from White House and
took many pieces of
art, furniture from the
White House before the
British destroyed it.
The Battle of Thames
River, Oct. 5, 1813

US military victory led by General William H. Harrison
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Tecumseh was killed during this battle
The Battle of Lake Erie was probably the most
important naval battle of the war

US Naval tradition develops during the War of 1812
highlights
U.S. Flag which flew
over Fort McHenry to
inspire Francis Scott
Key to write the Star
Spangled Banner.
September 13th, 1814
Battle of Fort McHenry,
1814
Oh Say Can You See
By the Dawn’s Early Light…
-- Francis Scott Key
New orleans
•10,000 British troops reached the mouth of the Mississippi
River and were threatening the Louisiana Purchase.
•4,500 U.S. troops led by Andrew Jackson, the British were
defeated on January 8, 1815
New orleans
•Considered greatest
U.S. victory to that
time
•Defeated British’s
best without help
from any country
•US gains respect
after this battle.
•Kept Louisiana
Purchase under the
control of the U.S.
The Treaty of Ghent
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War of 1812 is considered a
“stalemate”…Dec. 1814
Results:
 A halt to the fighting
 The return of all conquered
territory to the prewar
borders
 Recognition of the prewar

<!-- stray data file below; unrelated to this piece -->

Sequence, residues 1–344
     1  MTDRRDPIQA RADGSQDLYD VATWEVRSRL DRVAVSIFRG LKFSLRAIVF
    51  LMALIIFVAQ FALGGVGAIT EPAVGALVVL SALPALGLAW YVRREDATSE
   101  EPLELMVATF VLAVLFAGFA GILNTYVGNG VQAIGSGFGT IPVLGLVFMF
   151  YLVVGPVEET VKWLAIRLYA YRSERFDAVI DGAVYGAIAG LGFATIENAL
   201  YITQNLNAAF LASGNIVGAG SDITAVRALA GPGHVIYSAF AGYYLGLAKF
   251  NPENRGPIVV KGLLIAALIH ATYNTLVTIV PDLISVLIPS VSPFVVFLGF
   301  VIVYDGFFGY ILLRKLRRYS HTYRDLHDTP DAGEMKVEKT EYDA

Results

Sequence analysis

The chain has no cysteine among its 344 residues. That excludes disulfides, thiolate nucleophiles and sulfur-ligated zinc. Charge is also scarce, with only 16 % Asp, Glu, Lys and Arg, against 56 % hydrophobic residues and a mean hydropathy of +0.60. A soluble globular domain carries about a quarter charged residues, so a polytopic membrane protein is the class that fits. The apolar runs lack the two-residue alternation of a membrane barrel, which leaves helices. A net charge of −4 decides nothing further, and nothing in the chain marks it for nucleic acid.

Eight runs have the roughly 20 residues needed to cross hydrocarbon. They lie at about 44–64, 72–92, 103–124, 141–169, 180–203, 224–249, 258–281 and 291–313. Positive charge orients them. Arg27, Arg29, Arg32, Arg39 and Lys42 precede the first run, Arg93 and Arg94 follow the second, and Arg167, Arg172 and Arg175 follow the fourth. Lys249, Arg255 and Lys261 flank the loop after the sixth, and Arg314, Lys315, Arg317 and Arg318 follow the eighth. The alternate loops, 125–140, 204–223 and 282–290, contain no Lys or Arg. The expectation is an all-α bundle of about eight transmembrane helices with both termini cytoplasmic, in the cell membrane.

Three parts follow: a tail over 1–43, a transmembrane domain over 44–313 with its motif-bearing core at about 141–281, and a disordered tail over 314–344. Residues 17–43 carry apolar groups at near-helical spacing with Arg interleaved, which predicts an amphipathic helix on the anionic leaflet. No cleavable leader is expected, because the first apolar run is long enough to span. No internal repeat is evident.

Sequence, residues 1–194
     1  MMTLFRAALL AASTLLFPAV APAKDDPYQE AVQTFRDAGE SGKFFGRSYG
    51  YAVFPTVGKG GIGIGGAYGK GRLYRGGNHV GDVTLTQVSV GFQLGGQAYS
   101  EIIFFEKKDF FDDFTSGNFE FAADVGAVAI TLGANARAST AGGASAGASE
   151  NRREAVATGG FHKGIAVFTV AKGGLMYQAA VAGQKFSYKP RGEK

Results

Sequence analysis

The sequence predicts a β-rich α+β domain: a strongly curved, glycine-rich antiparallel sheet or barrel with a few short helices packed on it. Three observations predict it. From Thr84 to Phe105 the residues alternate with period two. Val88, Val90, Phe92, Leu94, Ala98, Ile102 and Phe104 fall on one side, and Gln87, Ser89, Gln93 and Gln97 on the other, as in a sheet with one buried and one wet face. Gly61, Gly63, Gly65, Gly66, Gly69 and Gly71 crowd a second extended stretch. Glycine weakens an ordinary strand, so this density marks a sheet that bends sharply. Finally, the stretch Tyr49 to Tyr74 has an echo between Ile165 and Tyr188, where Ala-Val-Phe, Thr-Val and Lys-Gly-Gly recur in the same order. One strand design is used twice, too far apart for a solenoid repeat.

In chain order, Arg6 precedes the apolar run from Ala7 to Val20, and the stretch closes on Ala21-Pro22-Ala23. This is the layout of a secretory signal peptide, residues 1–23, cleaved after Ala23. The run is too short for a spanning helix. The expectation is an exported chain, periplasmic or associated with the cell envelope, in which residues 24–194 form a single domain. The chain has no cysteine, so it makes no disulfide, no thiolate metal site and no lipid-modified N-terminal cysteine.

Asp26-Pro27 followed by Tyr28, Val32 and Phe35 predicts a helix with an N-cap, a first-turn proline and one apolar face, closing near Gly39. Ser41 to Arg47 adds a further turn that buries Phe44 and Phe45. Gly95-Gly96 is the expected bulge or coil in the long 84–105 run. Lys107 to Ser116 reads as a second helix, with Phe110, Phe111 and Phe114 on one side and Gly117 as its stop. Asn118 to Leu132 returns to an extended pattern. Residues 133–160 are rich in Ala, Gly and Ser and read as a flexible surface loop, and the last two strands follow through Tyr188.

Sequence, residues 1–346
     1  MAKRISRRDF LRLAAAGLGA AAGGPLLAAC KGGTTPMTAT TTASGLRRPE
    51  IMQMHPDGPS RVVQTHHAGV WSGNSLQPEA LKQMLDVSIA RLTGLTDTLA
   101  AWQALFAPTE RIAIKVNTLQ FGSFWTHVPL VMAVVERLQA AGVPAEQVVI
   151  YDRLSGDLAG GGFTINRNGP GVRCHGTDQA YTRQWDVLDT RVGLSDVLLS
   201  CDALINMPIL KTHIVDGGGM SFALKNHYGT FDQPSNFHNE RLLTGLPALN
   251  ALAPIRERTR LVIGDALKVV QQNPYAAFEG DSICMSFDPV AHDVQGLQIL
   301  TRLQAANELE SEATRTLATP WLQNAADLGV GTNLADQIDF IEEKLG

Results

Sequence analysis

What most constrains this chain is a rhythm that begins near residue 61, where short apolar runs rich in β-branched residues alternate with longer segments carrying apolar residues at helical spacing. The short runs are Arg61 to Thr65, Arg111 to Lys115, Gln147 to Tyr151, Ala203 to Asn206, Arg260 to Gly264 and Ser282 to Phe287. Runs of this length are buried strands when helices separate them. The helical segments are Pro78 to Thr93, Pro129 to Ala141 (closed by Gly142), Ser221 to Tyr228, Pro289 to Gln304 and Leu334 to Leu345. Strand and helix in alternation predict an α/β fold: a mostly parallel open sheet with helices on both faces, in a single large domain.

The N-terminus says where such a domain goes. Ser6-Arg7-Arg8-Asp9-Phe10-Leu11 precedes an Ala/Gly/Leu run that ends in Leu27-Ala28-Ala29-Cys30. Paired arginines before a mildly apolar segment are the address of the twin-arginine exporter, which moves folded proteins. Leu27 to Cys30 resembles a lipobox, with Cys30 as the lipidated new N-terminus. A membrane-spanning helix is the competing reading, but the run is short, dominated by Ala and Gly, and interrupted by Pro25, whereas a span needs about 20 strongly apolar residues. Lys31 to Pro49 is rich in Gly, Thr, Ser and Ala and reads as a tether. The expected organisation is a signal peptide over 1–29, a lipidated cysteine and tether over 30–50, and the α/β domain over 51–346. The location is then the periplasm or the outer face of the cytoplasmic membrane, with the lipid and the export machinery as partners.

boundary between Canada
and the United States
Radical New England Federalists met to discuss their
grievances & find solutions to their problems:
•U.S. Govt. fighting an unnecessary war against the wrong
enemy
•New Englanders continued to trade with the British during the
war
•Talked of secession
•When people found out what the Federalists were planning,
they became extremely unpopular
The War’s Legacy
U.S. gained the respect of other nations
 U.S. came to accept Canada as a neighbor and a part of the British
Empire
 The Federalist party came to an end as a national force
Talk of nullification and secession in New England set a precedent that
would later be used by the South
 Gained US neutrality and became isolated from Europe
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Native Americans in the West were forced to surrender large areas of
land and move west.
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More U.S. factories were built
War heroes such as Andrew Jackson and William Henry Harrison would
eventually become Presidents.
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Growth of American nationalism
The War of 1812 won new respect for
America among many British. Michael Scott,
a young lieutenant in the British navy wrote,
“I don’t like Americans; I never did, and never
shall like them…..I have no wish to eat with
them, drink with them, deal with, or consort
with them in any way; but let me tell the whole
truth, nor fight with them, were it not for the
laurels to be acquired, by overcoming an
enemy so brave, determined and alert, and in
every way so worthy on one’s steel, as they have
always proved”.
Respect from the Europeans